Minister urges broad discussion on ownership in health service
Harris rejects calls to compulsorily acquire site of new National Maternity Hospital
Minister for Health Simon Harris has called for a “discussion” on ownership in the health service, which could lead to lead to hospitals moving from religious to State control.
Mr Harris said he intended to bring proposals to Government to have a broader discussion about ownership in the health service, similar to that seen in recent years in education.
The forum on patronage and pluralism set up by former Labour minister for education Ruairí Quinn was a useful model to follow, he suggested.
The report of the forum recommended in 2012 that religious schools in 28 areas divest to multinational patrons, though progress in giving effect to this has been slow.
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In the ongoing controversy over the proposed relocation of the National Maternity Hospital (NMH) to St Vincent’s Hospital, Mr Harris rejected calls for the State to compulsorily acquire the site from its owners, the Sisters of Charity. A CPO was not the ideal situation, he said, because it would lead to legal difficulties “for years”, when use of the site was being offered free.
He said the Cabinet endorsed his call for “cool heads” in the row and repeated his plea for a month of “calm” during which the issues surrounding the move can be teased out with the two hospitals.
Mr Harris briefed his Government colleagues on the row over the new maternity hospital yesterday, where he received strong support from colleagues to push ahead with the project.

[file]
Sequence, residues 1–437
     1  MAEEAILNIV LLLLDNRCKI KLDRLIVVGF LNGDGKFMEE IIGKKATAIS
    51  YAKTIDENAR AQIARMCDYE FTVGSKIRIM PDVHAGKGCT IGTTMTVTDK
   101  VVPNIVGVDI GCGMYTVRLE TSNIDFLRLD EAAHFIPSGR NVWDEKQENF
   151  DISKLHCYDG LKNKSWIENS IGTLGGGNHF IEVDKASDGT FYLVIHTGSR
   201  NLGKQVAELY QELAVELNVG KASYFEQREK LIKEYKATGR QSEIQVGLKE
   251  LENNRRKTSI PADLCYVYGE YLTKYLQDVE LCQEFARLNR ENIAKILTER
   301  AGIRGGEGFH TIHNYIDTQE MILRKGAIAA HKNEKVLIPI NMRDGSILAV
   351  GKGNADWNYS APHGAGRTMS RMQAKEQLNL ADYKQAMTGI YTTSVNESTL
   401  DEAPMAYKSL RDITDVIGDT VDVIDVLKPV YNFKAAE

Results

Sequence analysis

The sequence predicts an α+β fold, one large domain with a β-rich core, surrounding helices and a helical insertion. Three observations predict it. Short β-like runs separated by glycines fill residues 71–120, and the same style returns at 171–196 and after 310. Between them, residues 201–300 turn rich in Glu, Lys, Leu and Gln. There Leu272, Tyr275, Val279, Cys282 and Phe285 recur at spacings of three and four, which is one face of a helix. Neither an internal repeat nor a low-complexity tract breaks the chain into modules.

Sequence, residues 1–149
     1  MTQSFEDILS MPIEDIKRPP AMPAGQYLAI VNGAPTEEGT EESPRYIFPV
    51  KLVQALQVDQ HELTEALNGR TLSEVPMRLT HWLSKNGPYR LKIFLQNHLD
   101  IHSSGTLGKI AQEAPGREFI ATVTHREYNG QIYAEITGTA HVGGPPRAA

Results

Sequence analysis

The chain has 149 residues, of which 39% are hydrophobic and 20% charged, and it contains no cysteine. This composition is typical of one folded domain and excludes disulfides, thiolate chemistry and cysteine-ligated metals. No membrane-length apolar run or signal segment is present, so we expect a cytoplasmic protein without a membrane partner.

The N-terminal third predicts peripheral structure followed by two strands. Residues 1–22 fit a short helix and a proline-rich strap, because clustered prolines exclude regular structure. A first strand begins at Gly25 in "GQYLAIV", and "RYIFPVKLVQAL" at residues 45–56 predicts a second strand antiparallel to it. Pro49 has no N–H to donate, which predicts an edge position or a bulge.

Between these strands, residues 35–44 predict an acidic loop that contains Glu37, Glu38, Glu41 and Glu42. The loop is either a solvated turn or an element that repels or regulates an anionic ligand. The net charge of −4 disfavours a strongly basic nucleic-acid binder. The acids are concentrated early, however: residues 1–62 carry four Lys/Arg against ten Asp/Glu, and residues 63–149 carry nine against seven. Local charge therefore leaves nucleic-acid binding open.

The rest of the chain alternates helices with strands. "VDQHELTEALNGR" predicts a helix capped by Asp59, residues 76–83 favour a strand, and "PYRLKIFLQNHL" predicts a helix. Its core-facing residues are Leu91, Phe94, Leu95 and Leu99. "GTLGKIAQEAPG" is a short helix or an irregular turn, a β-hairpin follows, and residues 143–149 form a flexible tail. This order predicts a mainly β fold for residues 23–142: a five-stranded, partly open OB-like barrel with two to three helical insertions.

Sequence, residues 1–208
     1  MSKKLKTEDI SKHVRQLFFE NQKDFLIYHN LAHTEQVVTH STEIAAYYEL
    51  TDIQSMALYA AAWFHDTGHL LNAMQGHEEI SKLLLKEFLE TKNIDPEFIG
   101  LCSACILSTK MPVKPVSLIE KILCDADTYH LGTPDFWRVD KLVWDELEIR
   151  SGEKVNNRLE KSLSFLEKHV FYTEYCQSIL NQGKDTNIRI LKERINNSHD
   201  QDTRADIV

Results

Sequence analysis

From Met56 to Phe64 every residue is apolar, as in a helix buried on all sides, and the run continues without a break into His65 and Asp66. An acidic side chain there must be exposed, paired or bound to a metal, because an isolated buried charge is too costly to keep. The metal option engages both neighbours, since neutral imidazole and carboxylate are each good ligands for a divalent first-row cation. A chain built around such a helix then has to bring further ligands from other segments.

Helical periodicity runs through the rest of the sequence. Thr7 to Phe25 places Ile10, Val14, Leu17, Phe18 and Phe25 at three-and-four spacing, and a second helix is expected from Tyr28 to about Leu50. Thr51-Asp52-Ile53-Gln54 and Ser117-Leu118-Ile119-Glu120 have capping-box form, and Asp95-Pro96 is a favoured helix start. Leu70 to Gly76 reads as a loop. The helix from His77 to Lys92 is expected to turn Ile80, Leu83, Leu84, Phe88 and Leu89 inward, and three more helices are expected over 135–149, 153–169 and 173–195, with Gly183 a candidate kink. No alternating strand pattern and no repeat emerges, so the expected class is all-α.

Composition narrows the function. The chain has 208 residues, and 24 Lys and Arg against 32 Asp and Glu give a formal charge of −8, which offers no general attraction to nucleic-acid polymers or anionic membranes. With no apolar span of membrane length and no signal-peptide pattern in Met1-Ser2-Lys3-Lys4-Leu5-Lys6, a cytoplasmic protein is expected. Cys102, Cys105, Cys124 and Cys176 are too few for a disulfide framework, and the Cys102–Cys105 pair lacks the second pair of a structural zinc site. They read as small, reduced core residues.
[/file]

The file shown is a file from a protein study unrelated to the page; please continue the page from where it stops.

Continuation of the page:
However, Ministers did not discuss possible changes to the ownership of the new hospital, which had previously been flagged in Government circles as an answer to public concerns.
Mr Harris has indicated to colleagues that some changes to the proposed ownership by the Sisters of Charity of the new maternity hospital would be considered, though it is understood this could be addressed by means of a long lease granted by St Vincent’s to the new hospital. However, informed sources say that there is no appetite on the part of either of the hospitals to reopen the ownership question.
A Government spokesman said the process involving the two hospitals and the Department of Health to give legal effect to the agreement between the hospitals could take place “in a less shrill atmosphere”.
Political sources say the Government is anxious to see the controversy defused before TDs returns from their Easter break next week, when the issue is sure to be raised on the floor of the Dáil.